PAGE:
# is it possible to predict how long it takes to reach steady state solution in unstead

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 November 11, 2013, 05:18 #2 Super Moderator   Glenn Horrocks Join Date: Mar 2009 Location: Sydney, Australia Posts: 10,949 Rep Power: 85 No, you cannot predict in general how long steady state will take at all, let alone based on residence time. Different classes of flows require different times so obviously different times are required. You might be able to estimate how long it will take for your class of flow, but it will only work for your class of flow. It will not be general. Note that if you are marching a transient simulation out to steady state then you do not care too much about the time history of the flow. So use first order time differencing and do not converge the timesteps too tightly. Loose convergence is OK, and then go tighter as you approach your final solution. You just want to quickly and approximately march it out in time and only worry about accuracy at the end. Alimohamadi_nasr likes this.

 November 11, 2013, 05:28 #3 Member   Ali Mohamadi Join Date: Aug 2012 Posts: 32 Rep Power: 5 Thank you very much for your consideration.

 November 11, 2013, 06:46 #4 Member   Ali Mohamadi Join Date: Aug 2012 Posts: 32 Rep Power: 5 only one another question that may be easy for you, my geometry has one converging Channel that flow comes through it and it divided to two diverging channel with ratio 1:9 (10 percent goes from one of diverging channel and 90 percent goes from another) and its laminar flow. because of pressure gradient there is separation i and vorticity is produced in diverging channels. my question is that, even in this case, is it OK to change form high order discretization to first order and after approaching to convergence again change it to higher order discretization.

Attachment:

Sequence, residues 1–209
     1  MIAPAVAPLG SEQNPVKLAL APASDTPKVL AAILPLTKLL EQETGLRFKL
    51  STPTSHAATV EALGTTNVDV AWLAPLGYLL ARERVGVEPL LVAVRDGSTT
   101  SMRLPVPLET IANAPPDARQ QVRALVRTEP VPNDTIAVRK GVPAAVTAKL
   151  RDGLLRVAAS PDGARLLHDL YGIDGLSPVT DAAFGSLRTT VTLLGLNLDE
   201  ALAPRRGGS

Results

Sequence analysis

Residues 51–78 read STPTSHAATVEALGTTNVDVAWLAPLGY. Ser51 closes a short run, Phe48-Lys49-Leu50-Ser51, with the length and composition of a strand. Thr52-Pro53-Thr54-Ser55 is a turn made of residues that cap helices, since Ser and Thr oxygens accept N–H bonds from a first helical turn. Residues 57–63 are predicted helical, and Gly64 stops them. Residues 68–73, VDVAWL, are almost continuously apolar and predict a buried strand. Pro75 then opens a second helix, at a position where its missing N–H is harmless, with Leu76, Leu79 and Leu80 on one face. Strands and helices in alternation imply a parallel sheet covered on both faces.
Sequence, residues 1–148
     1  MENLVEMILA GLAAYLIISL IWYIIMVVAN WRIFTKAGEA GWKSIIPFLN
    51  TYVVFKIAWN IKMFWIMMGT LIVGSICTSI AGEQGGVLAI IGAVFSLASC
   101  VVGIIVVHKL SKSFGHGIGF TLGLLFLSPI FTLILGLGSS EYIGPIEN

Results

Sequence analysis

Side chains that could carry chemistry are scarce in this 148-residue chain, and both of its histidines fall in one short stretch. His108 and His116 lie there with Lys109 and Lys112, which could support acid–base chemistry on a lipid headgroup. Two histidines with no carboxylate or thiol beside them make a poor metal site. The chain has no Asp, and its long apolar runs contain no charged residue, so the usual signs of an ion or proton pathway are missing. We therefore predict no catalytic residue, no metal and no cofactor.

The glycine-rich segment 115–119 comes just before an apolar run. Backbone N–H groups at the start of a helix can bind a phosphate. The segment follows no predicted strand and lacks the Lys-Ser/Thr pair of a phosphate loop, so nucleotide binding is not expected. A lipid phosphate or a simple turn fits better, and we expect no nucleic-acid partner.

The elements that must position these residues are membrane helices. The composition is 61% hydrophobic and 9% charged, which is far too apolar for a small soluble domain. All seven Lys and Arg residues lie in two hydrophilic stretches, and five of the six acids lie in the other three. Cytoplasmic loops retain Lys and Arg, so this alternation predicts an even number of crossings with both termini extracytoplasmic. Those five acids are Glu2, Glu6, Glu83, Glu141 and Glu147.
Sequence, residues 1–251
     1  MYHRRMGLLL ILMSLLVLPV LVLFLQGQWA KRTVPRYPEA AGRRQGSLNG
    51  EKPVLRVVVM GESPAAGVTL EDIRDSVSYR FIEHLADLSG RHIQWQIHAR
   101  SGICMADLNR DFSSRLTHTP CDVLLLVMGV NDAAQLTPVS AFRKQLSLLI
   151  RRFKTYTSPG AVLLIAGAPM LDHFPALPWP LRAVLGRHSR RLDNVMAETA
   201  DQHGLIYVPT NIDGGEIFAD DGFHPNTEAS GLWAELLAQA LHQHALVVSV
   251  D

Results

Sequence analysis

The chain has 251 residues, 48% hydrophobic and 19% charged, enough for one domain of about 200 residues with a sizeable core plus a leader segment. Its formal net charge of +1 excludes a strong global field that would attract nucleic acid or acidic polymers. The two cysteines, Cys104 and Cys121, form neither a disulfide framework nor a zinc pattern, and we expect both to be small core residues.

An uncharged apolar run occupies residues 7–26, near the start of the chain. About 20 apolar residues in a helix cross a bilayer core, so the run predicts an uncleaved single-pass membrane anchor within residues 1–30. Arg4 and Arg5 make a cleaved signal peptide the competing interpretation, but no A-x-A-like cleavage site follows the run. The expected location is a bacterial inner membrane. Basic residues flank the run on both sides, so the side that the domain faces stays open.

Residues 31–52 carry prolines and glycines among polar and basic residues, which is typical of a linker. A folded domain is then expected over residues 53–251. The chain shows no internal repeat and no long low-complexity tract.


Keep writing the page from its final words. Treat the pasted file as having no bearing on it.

November 11, 2013, 07:11 #5 Super Moderator   Glenn Horrocks Join Date: Mar 2009 Location: Sydney, Australia Posts: 10,949 Rep Power: 85 In the vast majority of cases it does not matter how you approach convergence. As long as the final run to full convergence is done with accurate settings then the final result will be good. In very rare cases you need an accurate approach to convergence as well. An example would be a diverging channel where the jet can stick to one wall or the other (due to the Coanda effect). If your approach to convergence was nto accurate the jet could stick to the wrong wall and the final run to convergence could be on the wrong wall and it woudl stay there. But this sort of bifurcation is rare. Alimohamadi_nasr likes this.

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